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Are social networks harmful to our society

Stay tuned for more storiescoming soon… Share your tips for a happy life on social media with the hashtag LikeMinded on Facebook, Twitter and Instagram. With social media playing such a big part in our lives, could we be sacrificing our mental health and well-being as well as our time? What does the evidence actually suggest? Is it time to rethink how we use social media?

Is social media bad for you? The evidence and the unknowns

An introduction to our LikeMinded season Since social media is relatively new to us, conclusive findings are limited. The research that does exist mainly relies on self-reporting, which can often be flawed, and the majority of studies focus on Facebook. That said, this is a fast-growing area of research, and clues are beginning to emerge. BBC Future reviewed the findings of some of the science so far: STRESS People use social media to vent about everything from customer service to politics, but the downside to this is that our feeds often resemble an endless stream of stress.

But Twitter also acted as a coping mechanism — and the more women used it, the less stressed they were.

  • As with food, gambling and many other temptations of the modern age, excessive use for some individuals is probably inadvisable;
  • But at the same time, it would be wrong to say social media is a universally bad thing, because clearly it brings myriad benefits to our lives;
  • As with food, gambling and many other temptations of the modern age, excessive use for some individuals is probably inadvisable;
  • Marketing researchers Jonah Berger and Eva Buechel found that people who are emotionally unstable are more likely to post about their emotions, which can help them receive support and bounce back after negative experiences.

View image of Credit: The study suggested that people felt that way because they saw it as a waste of time. The better news is that happy posts had a stronger influence; each one inspired 1.

  • ANXIETY Researchers have looked at general anxiety provoked by social media, characterised by feelings of restlessness and worry, and trouble sleeping and concentrating;
  • Spending more time on social media, the researchers said, could displace face-to-face interaction, and can also make people feel excluded.

Whether a happy post translates to a genuine boost in mood, however, remains unclear. ANXIETY Researchers have looked at general anxiety provoked by social media, characterised by feelings of restlessness and worry, and trouble sleeping and concentrating.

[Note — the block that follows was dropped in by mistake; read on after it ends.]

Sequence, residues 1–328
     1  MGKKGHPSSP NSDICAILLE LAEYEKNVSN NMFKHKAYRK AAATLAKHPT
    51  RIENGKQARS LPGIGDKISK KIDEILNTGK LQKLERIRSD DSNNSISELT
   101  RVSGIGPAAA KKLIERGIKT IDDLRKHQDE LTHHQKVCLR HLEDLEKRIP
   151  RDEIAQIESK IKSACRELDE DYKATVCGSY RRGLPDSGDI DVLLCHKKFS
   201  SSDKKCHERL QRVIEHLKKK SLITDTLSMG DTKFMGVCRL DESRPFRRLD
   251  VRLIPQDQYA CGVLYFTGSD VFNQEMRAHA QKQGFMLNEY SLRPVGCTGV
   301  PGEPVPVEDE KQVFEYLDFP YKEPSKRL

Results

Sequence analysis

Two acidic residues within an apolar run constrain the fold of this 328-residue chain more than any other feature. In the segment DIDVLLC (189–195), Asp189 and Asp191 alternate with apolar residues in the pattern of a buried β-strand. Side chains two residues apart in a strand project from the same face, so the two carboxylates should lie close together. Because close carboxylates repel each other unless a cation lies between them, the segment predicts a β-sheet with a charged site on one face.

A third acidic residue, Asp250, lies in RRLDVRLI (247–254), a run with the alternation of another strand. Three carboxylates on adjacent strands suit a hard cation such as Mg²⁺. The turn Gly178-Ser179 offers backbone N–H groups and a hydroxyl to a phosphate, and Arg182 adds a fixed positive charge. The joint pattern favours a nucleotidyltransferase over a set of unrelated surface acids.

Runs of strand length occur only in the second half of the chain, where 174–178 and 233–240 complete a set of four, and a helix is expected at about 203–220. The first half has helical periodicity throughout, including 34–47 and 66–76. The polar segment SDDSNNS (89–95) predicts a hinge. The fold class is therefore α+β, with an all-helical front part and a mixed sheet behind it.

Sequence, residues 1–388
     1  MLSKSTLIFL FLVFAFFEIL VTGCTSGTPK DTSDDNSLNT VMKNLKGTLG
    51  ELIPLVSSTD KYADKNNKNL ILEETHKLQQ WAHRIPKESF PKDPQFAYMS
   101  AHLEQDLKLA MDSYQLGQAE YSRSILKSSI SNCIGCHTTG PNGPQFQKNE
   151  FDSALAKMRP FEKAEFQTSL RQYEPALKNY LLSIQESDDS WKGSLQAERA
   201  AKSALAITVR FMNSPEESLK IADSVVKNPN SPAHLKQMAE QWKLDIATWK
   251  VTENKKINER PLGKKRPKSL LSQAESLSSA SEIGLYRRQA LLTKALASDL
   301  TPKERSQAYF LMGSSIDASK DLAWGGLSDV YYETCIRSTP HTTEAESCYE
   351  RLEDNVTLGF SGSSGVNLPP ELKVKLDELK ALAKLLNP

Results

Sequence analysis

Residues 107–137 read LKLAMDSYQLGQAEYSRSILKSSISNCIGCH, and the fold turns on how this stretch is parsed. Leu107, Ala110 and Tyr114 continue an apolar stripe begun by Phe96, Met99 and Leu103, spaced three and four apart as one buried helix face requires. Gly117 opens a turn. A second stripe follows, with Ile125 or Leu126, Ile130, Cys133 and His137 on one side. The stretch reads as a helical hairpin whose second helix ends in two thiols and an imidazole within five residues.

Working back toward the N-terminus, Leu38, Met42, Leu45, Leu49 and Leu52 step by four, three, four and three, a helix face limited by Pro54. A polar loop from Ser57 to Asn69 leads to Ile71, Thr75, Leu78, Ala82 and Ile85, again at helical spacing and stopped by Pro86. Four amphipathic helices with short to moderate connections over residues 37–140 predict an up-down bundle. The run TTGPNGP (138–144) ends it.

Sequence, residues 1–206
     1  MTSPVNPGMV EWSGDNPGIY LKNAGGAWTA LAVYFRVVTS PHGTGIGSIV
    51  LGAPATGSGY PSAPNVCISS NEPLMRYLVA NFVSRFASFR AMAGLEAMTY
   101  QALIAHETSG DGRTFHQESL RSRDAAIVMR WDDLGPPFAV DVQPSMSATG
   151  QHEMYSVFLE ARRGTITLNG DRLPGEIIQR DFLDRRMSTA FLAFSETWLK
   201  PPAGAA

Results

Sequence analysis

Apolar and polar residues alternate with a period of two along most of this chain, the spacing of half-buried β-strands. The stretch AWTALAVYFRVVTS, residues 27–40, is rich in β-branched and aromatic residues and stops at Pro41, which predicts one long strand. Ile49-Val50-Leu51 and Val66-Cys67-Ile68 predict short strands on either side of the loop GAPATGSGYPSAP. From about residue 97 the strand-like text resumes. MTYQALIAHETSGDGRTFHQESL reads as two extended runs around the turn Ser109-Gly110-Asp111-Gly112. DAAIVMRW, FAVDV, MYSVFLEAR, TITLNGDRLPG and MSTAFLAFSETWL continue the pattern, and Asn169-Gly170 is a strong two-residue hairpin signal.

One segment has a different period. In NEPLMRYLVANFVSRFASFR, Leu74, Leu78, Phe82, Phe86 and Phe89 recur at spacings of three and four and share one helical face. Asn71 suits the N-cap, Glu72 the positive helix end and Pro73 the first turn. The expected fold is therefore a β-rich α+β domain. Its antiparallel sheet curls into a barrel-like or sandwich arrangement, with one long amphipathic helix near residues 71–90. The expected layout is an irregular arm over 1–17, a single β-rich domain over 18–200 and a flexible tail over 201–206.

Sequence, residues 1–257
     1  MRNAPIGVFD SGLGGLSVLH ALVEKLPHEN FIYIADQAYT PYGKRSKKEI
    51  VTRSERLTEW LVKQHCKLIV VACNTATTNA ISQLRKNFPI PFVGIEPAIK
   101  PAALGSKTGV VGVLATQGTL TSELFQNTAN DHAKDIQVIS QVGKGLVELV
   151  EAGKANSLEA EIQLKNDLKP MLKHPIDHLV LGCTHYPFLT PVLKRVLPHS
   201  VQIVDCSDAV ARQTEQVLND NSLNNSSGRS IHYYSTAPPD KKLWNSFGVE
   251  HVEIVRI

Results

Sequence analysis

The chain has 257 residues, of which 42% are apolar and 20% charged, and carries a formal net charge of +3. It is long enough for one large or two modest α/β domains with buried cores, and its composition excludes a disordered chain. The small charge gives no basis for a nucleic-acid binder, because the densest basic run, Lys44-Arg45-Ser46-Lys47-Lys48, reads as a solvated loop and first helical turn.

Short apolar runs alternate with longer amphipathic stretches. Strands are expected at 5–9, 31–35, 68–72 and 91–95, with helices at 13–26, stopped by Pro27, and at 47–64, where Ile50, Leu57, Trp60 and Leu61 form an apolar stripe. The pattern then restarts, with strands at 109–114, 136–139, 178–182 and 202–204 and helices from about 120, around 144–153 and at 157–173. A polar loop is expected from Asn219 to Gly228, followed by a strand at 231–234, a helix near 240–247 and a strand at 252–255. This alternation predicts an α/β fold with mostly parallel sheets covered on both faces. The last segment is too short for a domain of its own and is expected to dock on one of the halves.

They concluded that more research needs to be done. Researchers found higher levels of depressive symptoms among those who reported having more negative interactions.

However, as BBC Future will explore this month in our LikeMinded season, scientists are also looking at how social media can be used to diagnose depression, which could help people receive treatment earlier. From this, they developed a classifier that can accurately predict depression before it causes symptoms in seven out of 10 cases. They found a link with sleep disturbances — and concluded blue light had a part to play.

The researchers say this could be caused by physiological arousal before sleep, and the bright lights of our devices can delay circadian rhythms.

View image of One of the worst times to use social media may be just before bed Credit: And if social media addiction does exist, it would be a type of internet addiction — and that is a classified disorder. But now, social media, with its filters and lighting and clever angles, is taking over as a primary concern among some campaigning groups and charities. View image of Selfies may have downsides for the viewer Credit: Some sat with a mirror placed against a computer screen, for instance, while others sat in front of their own Facebook profile.

Facebook had a positive effect on self-esteem compared to other activities that boost self-awareness. The more time people spent on the site, the worse they felt later on, and the more their life satisfaction declined over time. But other research has found, that for some people, social media can help boost their well-being.

Marketing researchers Jonah Berger and Eva Buechel found that people who are emotionally unstable are more likely to post about their emotions, which can help them receive support and bounce back after negative experiences.

However, they suggested there is clearer evidence for the impact on one group of people: Each pair sat in private booths, and half had a mobile phone on the top of their table. Those with a phone in eyeshot were less positive when recalling their interaction afterwards, had less meaningful conversations and reported feeling less close to their partner than the others, who had a notebook on top of the table instead.

Women spent much more time on Facebook then men, and experienced significantly more jealousy when doing so. Spending more time on social media, the researchers said, could displace face-to-face interaction, and can also make people feel are social networks harmful to our society.

However, the evidence does point one way: As with food, gambling and many other temptations of the modern age, excessive use for some individuals is probably inadvisable. But at the same time, it would be wrong to say social media is a universally bad thing, because clearly it brings myriad benefits to our lives.